Now that the scroll bars are ready, just write the PMT formula. Assuming you have linked scroll bars like this:

  • Loan amount in cell A1
  • Interest rate in cell A2
  • Loan tenure (years) in cell A3

The formula will be,

=PMT((A2/12)%,A3*12,A1)

Remember, PMT returns value in negative numbers (as it is the amount we need to pay, not get). But you can make it positive (for display purposes) by multiplying it with -1 like this = -PMT((A2/12)%,A3*12,A1)

Step 5: Play with your Model

Now your mortgage payment calculator is ready. You can play with it by testing various combinations and finding monthly payments. You can easily see what happens when you increase loan tenure or decrease interest rate.

Download Excel Mortgage Payment Calculator

Here is the excel mortgage payment calculator file. Download and play with it.

Bonus – Making an Amortization Schedule

You can easily extend this model to add an amortization schedule to see how much of each monthly payment is towards principal and how much is for interest.

  • You can calculate principal portion for any month using PPMT formula like this =PPMT(R/12,M,N*12,P). Here “M” is the month for which you want principal amount.
  • You can calculate interest portion for any month using IPMT formula like this =IPMT(R/12,M,N*12,P).

Click here for help: PPMT formula, IPMT formula and Excel Financial Formulas.

Do you love form controls?

Do you use form controls in your spreadsheets? I find them pretty intuitive and use them wherever I can. I have made many complex spreadsheet models easy to understand and work with by just adding form controls. The beauty is that, they require no programming or anything. You just add them and link them to a cell.

What about you? Do you love form controls? Where do you use them most?

Learn More about Excel Form Controls:

22 Responses to “Dr. Scroll-bar Mortgage Calculator or: Why you should not be borning and use form controls”

  1. Hank says:

    I'm using 2003 and have added a scrollbar control. When i right click to format it, i dont get the same control tab to edit the parameters that i get when i right click over your scrollbar. The first four are the same though. Any suggestions?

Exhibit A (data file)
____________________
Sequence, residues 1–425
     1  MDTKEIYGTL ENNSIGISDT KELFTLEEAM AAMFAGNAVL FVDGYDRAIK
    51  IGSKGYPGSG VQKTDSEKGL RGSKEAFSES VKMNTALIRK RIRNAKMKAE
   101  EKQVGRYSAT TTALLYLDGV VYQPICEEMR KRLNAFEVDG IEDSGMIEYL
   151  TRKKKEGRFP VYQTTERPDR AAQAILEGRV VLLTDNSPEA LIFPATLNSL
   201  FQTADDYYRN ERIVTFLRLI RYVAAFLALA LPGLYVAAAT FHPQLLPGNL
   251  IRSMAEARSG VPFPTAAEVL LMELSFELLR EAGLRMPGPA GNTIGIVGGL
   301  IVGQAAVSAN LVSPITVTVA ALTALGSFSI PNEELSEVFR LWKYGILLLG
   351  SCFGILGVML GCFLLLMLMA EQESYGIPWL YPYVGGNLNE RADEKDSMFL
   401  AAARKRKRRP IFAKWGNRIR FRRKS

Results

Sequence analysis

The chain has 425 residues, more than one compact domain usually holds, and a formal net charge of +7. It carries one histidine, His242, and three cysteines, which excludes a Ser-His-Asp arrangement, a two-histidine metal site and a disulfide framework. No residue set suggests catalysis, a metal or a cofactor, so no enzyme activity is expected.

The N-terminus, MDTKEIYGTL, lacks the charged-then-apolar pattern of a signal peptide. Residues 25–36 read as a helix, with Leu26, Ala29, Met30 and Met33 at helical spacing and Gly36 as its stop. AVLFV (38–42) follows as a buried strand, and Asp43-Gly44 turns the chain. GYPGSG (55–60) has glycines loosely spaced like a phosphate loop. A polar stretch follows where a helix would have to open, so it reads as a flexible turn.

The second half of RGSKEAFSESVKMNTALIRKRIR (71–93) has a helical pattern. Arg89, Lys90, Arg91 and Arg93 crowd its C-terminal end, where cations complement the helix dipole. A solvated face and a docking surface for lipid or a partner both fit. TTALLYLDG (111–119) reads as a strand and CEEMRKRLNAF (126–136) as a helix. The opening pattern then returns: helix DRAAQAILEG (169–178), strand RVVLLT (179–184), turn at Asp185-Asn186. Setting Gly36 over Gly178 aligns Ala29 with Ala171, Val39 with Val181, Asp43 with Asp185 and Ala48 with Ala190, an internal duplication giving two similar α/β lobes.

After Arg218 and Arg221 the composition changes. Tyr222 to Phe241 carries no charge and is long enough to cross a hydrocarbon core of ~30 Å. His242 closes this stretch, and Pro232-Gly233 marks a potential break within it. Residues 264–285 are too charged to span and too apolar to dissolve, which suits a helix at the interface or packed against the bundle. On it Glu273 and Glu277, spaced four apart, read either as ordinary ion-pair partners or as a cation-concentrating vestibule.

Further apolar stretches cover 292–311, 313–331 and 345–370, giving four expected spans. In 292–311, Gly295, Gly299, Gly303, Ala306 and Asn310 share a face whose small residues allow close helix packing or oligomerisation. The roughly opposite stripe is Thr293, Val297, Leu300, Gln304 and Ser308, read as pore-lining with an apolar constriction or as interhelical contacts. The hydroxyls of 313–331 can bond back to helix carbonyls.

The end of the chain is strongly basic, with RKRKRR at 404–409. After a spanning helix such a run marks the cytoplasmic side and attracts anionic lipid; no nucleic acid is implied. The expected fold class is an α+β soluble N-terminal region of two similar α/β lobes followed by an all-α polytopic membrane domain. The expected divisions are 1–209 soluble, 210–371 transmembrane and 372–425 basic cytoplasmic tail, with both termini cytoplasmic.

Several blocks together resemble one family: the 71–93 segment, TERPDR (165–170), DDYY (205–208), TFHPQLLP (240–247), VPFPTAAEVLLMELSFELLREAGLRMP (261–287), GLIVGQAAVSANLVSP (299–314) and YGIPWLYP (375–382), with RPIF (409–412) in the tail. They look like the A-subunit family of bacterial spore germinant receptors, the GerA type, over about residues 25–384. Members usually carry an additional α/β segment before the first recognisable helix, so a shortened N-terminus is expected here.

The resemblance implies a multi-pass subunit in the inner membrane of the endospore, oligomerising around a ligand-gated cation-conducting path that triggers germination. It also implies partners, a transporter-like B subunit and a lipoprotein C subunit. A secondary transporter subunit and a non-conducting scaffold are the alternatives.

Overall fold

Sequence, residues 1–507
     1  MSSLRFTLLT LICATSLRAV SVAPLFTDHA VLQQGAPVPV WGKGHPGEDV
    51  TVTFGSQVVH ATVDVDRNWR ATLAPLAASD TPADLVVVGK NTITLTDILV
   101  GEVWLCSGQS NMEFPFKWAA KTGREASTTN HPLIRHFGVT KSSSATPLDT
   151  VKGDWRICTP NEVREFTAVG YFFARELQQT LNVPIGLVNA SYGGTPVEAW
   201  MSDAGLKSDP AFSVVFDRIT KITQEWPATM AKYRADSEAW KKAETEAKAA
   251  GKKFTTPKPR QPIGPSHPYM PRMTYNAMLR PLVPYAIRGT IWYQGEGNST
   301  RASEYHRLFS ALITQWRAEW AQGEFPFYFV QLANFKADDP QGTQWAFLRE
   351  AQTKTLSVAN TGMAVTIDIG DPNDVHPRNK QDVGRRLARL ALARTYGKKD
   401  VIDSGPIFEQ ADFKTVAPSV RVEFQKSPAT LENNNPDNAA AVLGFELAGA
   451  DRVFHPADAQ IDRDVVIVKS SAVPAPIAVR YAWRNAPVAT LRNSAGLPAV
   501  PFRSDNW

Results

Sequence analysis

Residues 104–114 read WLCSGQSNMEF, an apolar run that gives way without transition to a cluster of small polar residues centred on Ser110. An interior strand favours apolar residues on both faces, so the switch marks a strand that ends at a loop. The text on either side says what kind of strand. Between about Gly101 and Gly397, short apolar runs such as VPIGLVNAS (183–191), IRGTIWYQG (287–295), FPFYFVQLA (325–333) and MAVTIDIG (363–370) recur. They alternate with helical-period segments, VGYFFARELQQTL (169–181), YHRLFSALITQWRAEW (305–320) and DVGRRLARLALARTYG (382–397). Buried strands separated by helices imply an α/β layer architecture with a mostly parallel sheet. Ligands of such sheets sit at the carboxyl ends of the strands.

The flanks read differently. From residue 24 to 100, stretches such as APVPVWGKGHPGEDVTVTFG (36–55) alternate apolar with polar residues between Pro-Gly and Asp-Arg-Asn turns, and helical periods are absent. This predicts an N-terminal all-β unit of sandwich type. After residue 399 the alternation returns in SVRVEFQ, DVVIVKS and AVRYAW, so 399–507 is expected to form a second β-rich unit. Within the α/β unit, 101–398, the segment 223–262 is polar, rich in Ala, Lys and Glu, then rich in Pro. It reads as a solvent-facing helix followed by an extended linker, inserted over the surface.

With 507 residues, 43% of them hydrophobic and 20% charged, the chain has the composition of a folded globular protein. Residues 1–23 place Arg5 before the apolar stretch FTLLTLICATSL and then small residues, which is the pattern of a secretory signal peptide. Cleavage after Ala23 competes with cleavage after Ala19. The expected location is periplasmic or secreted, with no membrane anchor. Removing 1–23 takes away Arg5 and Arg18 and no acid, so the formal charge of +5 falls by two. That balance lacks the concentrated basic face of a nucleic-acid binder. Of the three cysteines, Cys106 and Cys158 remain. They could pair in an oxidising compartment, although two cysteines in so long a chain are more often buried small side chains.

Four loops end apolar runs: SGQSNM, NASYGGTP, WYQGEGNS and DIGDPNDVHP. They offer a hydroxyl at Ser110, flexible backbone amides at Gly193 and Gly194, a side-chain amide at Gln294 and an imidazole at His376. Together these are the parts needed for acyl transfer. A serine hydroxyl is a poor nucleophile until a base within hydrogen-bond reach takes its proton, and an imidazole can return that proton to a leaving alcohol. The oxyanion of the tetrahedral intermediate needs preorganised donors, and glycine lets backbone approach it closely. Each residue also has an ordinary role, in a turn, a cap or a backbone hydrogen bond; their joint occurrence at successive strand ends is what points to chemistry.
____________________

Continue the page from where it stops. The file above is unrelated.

2. Andy says:

    Form controls are a brilliant way to produce an interactive spreadsheet. Scroll bars and check boxes / radio buttons tend to be what I use the most. The main drawback with them is that they cannot by modified by VBA code, which is why I frequently have to use the ActiveX versions of the controls.

    A nice application of these controls is to create a chart based on the cells that update when (for example) the scroll bar control is used. This gives you a simple and effective visual way to show how a change in one or more variables can affect the results you are interested in.

  3. Andy says:

    Hank: did you add the ActiveX version of the scrollbar? The ActiveX controls work slightly differently, as they are designed to interface with VBA code. If you aren't seeing the 'Control' tab, then you probably used ActiveX rather than the basic form control. I can't remember the exact layout of the controls in 2003, but when you are selecting the control to add there should be two sections, labelled 'Form Controls' and 'ActiveX Controls'. Make sure you add the scrollbar from the 'Form Controls' section (which should be the upper of the two sections, if memory serves me correctly.....)

  4. Andy says:

    Hank: Just been checking up on the 2003 menus, and Jon Peltier mentions it in this post:
    http://peltiertech.com/WordPress/forms-controls-and-activex-controls-in-excel/
    When you opened the toolbar, you need the 'Forms' toolbar, rather than the 'Control Toolbox'.

  5. NSN says: